Created by FindLaw's team of legal writers and editors | Last reviewed June 20, 2016
Truancy, also called skipping school, is defined by all states as unexcused absences from school without the knowledge of a parent or guardian. It has been romanticized through literature and films by characters such as Tom Sawyer and Ferris Bueller as the harmless mischief juveniles do on sunny days. But the fact is juveniles who are school-aged are required by all states to attend school, whether that school be public, private, parochial, or some other educational forum. Truancy is, therefore, a status offense as it only applies to people of a certain age. The school age of a juvenile varies from state to state, with most states requiring attendance either from age six to age 17 or from age five to 18. There are a number of exceptions, such as Pennsylvania, which denotes school age as between eight and 17 and Illinois which denotes school age as between seven and 16.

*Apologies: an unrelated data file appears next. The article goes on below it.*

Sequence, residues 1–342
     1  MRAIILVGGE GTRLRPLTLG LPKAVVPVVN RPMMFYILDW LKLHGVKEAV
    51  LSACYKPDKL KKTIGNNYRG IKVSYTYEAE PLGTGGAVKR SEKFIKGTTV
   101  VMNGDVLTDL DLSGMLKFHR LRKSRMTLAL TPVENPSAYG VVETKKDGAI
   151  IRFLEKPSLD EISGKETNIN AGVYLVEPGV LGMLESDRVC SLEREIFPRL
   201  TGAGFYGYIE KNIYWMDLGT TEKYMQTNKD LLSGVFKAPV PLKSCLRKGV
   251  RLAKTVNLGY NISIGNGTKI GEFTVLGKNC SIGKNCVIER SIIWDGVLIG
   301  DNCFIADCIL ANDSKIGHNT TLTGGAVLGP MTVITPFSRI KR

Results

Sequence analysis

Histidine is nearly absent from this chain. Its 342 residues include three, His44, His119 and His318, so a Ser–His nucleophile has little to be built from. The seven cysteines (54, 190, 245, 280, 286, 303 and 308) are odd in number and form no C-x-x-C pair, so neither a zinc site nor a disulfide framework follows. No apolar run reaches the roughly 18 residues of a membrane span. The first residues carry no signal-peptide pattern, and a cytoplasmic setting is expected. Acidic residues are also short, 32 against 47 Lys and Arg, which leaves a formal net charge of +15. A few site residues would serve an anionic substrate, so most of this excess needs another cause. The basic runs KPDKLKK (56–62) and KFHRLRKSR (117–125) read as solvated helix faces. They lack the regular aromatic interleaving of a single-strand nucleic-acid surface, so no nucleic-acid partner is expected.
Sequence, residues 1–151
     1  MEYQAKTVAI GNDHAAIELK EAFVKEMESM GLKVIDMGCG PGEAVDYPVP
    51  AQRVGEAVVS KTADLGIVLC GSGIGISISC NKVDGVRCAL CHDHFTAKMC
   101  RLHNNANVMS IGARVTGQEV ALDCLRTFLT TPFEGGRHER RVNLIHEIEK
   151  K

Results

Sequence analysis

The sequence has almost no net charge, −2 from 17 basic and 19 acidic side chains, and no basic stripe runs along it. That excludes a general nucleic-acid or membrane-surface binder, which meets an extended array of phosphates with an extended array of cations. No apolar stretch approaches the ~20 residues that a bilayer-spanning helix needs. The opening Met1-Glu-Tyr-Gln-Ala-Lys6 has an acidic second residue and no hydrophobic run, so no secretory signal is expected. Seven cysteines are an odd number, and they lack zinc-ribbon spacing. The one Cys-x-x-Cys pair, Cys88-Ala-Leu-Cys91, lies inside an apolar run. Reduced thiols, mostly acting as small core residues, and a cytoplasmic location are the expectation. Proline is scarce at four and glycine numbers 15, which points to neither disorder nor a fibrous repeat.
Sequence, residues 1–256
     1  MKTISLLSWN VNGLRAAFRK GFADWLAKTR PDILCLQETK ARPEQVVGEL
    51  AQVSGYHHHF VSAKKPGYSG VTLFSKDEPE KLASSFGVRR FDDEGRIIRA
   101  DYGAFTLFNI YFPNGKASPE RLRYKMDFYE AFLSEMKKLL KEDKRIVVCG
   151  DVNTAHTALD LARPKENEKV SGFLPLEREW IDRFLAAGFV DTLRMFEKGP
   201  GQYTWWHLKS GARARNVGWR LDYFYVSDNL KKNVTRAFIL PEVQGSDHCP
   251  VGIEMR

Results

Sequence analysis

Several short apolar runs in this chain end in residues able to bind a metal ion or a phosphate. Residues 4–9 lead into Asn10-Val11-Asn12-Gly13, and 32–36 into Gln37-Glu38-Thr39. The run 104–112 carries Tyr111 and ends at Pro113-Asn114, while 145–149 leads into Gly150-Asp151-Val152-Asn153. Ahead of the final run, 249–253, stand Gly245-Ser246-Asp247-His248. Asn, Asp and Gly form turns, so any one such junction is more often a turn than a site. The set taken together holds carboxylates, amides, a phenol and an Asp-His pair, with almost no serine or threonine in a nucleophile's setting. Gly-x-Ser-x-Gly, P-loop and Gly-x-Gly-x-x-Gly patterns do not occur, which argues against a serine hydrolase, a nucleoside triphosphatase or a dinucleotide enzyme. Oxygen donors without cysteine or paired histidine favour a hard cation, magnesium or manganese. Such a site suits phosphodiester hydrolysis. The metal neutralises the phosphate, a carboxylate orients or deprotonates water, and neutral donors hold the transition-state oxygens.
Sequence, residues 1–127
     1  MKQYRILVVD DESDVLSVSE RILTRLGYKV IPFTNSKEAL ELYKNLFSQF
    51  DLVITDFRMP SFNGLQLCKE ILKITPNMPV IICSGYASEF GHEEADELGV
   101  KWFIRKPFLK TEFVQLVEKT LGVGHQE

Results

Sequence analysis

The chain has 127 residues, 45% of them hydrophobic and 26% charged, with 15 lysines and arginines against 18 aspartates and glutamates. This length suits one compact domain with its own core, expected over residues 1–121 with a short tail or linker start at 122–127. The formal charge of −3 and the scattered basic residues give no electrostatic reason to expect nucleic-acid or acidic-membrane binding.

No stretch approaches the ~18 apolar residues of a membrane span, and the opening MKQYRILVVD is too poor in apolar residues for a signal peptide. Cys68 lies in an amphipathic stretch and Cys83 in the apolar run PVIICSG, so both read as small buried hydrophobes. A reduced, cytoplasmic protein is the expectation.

The number of days required in order for a juvenile to be labeled "truant," varies by school, school district, and state.* State legislation tends to provide some guidelines for school districts by setting a maximum number of absences allowed. School districts then tighten these guidelines. For example, in Pennsylvania, a truant is a school-aged juvenile who is absent from school more than three times after a notice of truancy has been sent to the juvenile's home. In Louisiana, a juvenile is deemed truant after the fifth unexcused absence from school, provided the absences occur in a single month. Many school districts define truancy as any unexcused absence, where unexcused means the student has left school property without parental or school permission.
*Important Notice and Disclaimer: State laws about truancy are constantly changing -- contact an attorney or conduct your own legal research to verify the state law(s) you are researching.
Was this helpful?
You Don’t Have To Solve This on Your Own – Get a Lawyer’s Help
Meeting with a lawyer can help you understand your options and how to best protect your rights. Visit our attorney directory to find a lawyer near you who can help.